An Interesting Spin on Shuttle Runs

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Shuttle runs are a conditioning staple.

Most athletes that go out for a fall sport will have to do some kind of conditioning test when they get to camp. More often than not, the conditioning test involves the 300 yard shuttle.

Typically, the 300 yard shuttle is conducted like this. Set up two cones, 25 yards apart. The athletes will run down and back 6 times, adding up to 300 yards. They will get a rest period and repeat.

shuttle

What I have used in the past with my hockey guys is 2 shuttles run in under 60 seconds with 2.5 minutes of rest in between each one. Over 60s in either run is a fail.

Now there is nothing magical about 300 yards. When we are conditioning the athletes over the summer, we will use 100, 150, 200, etc. to help prepare for the test. I am guessing that coaches like the 300 because it should be run in under a minute.

This test does have its weaknesses and we could poke holes in it all day. It might not necessarily be a good indicator of how good someone is at their sport but it can be extremely effective at seeing who sat on their butt all summer.

Recently I was speaking with a friend of mine who is heavily involved in hockey from a skill development and coaching aspect. He was looking for something more from conditioning tests.

One thing that he did not like about the shuttle test was that it promotes mediocrity in a way. All someone has to do is pass. It does not drive them to try harder than they ever have before. Someone who can run them in 57 seconds can continue to stay at that pace and safely pass.

He was looking for something that will push the each athlete a little bit more.

Something that we have recently tried is flipping the idea behind the shuttle run. We use the same set up but we set the time instead of the distance. During the 300, they know they need to get to 6 times down and back.

If we instead give them a time to get as many trips as possible, people can separate from the pack.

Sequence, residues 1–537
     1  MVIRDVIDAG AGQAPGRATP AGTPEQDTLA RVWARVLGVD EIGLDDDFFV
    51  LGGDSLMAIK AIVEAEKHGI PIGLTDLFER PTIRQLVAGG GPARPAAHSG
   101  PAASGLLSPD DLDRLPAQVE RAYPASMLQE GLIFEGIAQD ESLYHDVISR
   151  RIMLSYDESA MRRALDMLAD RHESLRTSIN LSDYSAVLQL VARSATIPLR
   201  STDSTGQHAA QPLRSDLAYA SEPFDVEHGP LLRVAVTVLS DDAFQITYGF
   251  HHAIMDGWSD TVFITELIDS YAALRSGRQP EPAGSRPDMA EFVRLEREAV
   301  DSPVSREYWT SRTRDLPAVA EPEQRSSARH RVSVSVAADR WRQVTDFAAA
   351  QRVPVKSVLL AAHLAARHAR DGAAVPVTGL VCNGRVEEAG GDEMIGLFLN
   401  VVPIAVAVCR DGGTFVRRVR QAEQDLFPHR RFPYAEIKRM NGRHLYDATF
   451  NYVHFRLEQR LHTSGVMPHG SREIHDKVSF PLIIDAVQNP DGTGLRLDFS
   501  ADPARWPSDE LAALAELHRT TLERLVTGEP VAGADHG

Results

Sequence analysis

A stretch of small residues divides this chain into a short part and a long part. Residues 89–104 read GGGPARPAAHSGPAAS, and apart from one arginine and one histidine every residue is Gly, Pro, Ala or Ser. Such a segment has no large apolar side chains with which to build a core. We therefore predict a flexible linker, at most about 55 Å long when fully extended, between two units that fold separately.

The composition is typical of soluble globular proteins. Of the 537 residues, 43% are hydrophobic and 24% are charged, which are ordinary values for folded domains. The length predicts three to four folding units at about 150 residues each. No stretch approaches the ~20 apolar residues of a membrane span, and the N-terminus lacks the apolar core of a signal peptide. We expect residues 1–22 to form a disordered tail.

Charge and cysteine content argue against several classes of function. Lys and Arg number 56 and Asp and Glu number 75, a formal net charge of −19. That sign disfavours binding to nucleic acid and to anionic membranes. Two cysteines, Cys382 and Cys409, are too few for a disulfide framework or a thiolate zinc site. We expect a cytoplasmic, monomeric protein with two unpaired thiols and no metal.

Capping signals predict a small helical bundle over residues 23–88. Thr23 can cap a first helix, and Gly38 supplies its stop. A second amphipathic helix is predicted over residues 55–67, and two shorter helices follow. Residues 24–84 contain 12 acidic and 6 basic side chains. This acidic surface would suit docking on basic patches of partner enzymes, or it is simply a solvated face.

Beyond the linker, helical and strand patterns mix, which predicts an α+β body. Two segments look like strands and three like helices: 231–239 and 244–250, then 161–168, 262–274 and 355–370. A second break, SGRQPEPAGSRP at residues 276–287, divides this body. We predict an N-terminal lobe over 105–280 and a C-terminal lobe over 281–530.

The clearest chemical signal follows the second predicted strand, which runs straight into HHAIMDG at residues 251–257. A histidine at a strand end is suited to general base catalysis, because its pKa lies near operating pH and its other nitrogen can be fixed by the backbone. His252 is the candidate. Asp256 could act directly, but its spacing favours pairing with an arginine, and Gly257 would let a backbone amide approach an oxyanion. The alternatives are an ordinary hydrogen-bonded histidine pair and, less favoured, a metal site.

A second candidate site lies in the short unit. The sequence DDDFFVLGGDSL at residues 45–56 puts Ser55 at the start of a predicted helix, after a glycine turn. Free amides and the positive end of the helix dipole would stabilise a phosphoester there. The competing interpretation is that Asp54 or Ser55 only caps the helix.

Example:

45 seconds to get as many trips down and back as possible.

In 45 seconds, I would expect any decent athlete to be around 225 yards or 4.5 trips down and back. This test lets us see 2 things. The first shows us who cannot get there and the second is who can go well beyond the rest of the team.

The athletes that do not quite get to the 4.5 passes are probably not in great shape or not that great anaerobically, both of which are issues for hockey. The ones that get beyond 4.5 are moving very well.

This reminded me of the Wingate test that we did in college. It was 30 seconds as hard as possible on a bike with some resistance to test anaerobic power. Good performance in that test gives info on who is trained in that energy system, the predominant one in most sports.

If you want to then test ability to recover and repeat, give them a 2 minute break and repeat it.

I have seen some athletes in rough shape after shuttle runs but the timed runs seem to have brought a team wide hatred of life. Instead of one or two kids questioning their existence the number ballooned to around 90%.

To use this test. First determine your priority. To see how hard someone is willing to go for 30-60 seconds use one and tell them to go all out. To determine their ability to repeat it, give them a rest and do 2.

Instead of just passing at a certain time this test asks the athlete to break away from everyone else and get as far as possible.